The Difference between Neocaridina and Caridina Shrimp

Difference Caridina vs Neocaridina shrimp

The question of the visual difference between Neocaridina and Caridina shrimp arises all of the time. I have seen countless posts on forums where people have had problems with distinguishing Neocaridina from Caridina shrimp. This may, at first sight, appear as a simple question but it is not. The problem is much more complex and I will tell you why. However, before I start ranting I can tell you the differences between Neocaridina and Caridina, these are:

Endopodite of first maxilliped without protuberance on its distal outer margin.  Endopodite of first pleopod greatly enlarged and pear-shaped in male, subtriangularly elongated in female. Appendix masculina of second abdominal appendage much enlarged, thickened and densely covered with setae.

I bet that most of you did not expect this answer, like what is this?! Frankly saying, me too… at first. 🙂 Do not worry I will explain it with pictures. Nonetheless, this is the only scientific explanation which you can find. Believe me, I have done my research, just keep reading and you will see it yourself.

When I first got into this hobby, I also tried to find the difference between Neocaridina and Caridina. Like many others I wanted to hear the simple answer, like – the rostrum has another shape, the carapace is thicker/thinner, color etc. All in all, is it possible to differentiate between these 2 genera by visual appearance?

Unfortunately, nobody could really answer the question. The situation is pretty hilarious, we have shrimp in our tanks, but in reality we have no idea about their genus! Are they Neocaridina or Caridina? We have to trust to… and who actually can we trust?

I dropped this subject for some time. However, this question kept bothering me again and again. So, eventually, I decided to look at this problem more meticulously.

History of Search between Neocaridina and Caridina

Here is my rant so bear with me. I already knew that forums, YouTube and Facebook groups cannot help me because people did not have any real data about this matter. Of course, from time to time there were some links and references to German sites, which supposedly described the difference between Neocaridina and Caridina but these links were dead as well.

Note: There is only ONE very short article in the English segment of the Internet about this problem (I have not found a single one in German, Russian and Spanish segments at all!). Unfortunately, that article did not provide any links to the sources. So, of course, I thought that maybe I would be able to find something else myself (and, actually, I did).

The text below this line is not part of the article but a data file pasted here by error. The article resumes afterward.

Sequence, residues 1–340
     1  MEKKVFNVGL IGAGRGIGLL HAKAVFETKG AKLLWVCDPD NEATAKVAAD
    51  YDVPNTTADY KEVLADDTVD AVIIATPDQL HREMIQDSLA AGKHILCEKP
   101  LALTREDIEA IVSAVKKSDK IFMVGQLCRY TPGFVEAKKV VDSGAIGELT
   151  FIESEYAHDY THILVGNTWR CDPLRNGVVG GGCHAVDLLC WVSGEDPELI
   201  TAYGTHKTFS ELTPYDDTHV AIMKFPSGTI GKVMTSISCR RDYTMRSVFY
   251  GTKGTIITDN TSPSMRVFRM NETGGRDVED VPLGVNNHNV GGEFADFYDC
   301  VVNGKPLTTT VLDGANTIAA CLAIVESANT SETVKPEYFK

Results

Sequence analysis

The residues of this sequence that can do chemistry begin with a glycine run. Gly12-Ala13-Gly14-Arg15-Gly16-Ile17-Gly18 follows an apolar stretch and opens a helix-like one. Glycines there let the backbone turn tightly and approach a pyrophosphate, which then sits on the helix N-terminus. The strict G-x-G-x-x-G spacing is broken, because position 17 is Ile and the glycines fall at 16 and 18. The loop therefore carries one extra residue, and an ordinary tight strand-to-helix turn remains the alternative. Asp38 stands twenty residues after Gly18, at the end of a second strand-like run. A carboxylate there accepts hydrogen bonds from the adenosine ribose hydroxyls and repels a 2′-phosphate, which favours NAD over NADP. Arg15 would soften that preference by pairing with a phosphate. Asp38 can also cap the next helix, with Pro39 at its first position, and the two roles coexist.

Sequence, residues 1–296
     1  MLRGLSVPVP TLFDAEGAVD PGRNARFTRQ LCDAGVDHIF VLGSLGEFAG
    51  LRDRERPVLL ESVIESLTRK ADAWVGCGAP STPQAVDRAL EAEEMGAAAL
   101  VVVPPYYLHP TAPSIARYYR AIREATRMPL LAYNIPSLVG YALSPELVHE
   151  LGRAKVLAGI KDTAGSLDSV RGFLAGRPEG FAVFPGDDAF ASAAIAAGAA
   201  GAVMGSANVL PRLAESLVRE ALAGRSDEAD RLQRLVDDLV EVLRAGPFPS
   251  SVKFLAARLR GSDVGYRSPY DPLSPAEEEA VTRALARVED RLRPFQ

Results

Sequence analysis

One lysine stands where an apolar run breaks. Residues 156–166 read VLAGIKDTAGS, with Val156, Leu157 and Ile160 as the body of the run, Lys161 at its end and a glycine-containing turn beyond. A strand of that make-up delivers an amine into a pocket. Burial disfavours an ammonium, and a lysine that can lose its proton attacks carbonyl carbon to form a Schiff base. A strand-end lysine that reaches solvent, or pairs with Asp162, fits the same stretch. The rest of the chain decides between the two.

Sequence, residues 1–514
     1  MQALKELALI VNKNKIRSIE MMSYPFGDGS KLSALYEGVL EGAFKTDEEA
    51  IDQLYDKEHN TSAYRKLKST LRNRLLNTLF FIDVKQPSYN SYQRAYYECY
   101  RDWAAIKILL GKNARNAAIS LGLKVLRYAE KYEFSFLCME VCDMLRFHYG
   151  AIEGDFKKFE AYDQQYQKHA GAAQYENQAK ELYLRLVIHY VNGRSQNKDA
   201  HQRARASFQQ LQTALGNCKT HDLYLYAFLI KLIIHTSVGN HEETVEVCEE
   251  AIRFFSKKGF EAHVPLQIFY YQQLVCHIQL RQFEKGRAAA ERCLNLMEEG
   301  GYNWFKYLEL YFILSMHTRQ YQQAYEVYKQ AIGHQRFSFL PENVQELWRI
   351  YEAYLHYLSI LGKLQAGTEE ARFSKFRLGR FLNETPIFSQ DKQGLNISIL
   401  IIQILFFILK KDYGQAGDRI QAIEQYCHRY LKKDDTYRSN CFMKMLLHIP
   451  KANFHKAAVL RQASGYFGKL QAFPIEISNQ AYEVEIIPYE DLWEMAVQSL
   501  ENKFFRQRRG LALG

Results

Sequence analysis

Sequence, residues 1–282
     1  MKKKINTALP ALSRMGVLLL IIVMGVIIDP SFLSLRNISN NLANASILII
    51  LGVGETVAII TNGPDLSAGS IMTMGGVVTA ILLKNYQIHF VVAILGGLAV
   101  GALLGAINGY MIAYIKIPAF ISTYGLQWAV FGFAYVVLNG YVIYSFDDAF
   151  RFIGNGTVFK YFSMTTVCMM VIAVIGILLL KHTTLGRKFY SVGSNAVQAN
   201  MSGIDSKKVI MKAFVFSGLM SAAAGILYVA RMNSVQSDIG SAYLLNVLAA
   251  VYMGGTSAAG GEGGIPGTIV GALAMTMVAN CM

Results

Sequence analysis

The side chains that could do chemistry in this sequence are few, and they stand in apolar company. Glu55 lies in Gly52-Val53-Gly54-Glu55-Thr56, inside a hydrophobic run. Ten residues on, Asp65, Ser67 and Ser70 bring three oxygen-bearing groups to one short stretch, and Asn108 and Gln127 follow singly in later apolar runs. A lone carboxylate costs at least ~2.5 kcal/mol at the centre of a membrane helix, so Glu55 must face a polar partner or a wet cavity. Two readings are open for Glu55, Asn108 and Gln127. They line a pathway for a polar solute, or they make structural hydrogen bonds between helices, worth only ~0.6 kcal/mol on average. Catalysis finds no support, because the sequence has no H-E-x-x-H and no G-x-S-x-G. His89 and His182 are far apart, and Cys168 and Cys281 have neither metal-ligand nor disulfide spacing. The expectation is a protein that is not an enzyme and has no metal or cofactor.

I started from scratch by finding the very first and then the modern studies about Neocaridina and Caridina. Some of these studies can be found online, while to get other I sent requests. I even tried to look into studies of DNA sequences of Neocaridina denticulata vs Caridina leucosticte, as examples. Frankly saying, I did not understand much about DNA besides that “Recent molecular phylogenetic analyses have shown that the genus Neocaridina and the genus Caridina are very closely related within the family Atyidae”. That is why I returned to standard studies of these species.

Family dwarf shrimp tree

First Studies of Neocaridina and Caridina

Bouvier, Kemp, Haan, Kubo, De Man and Holthuis had been the pioneers to study on Atyids.

In 1904, Bouvier E.L wrote the fundamental work “Crevettes de la famile des Atyidés: espèces qui font partie des collections du Muséum d’Histoire Naturelle”. This work gave an incredible boost to studies about the shrimp in Europe. At that time, the current Neocaridina species were attributed to Caridina.

In 1918, Kemp (“Zoological results of a tour in the Far East”) did not see any difference between these two genuses, as well. Even more, he wrote “Classified according to the scheme outlined by Bouvier in 1913, C. denticulate would find a place alongside with Chinese C. davidi, Bonvier. Balss regards the latter species as synonymous with the former, but in this he is certainly in error. C. davidi, co-types of which are in the Indian Museum, differs in many respects from C.denticulata and may be distinguished at a glance by the depressed rostrum and by the strong curvature of the propodi of the last three pairs of legs”

Note: However, according to the modern Taxonomy, modern biologists consider them as the same species.

Separation Neocaridina from Caridina

In 1938, Prof. Ituo Kubo finished his work “On the Japanese atyid shrimps”. He noticed that “The Japanese atyid shrimps have been studied by many investigators, namely, de HAAN (1849), STIMPSON (1860), ORTMANN, (1890-91), DOFLBIN (1902), RATHBUN (1902), BOUVIER (1906), Deman (1908), BALSS (1914), KEMP (1918), U£NO (1935), and others. But inasmuch as they are variable in several characters, their taxonomy is of no easy task”.

Note: Well, one hundred years later, he is still right! Unfortunately, I cannot give any link to this book. Nonetheless, if you are interested, feel free to ask me, and I will send it to you in pdf format.

However, it did not stop Kubo to propose that the difference in the structure of the genitals can be the sign of different genus. In his work he had prepared a new genus – Neocaridina – separated from Caridina by three characteristics, and reported about the Neocaridina denticulata study of the material with special reference to the features of pleopods. Thus, it allowed him to make emendations and additions in regard to atyid taxonomy. This was the day when Neocaridina was “born” from Caridina.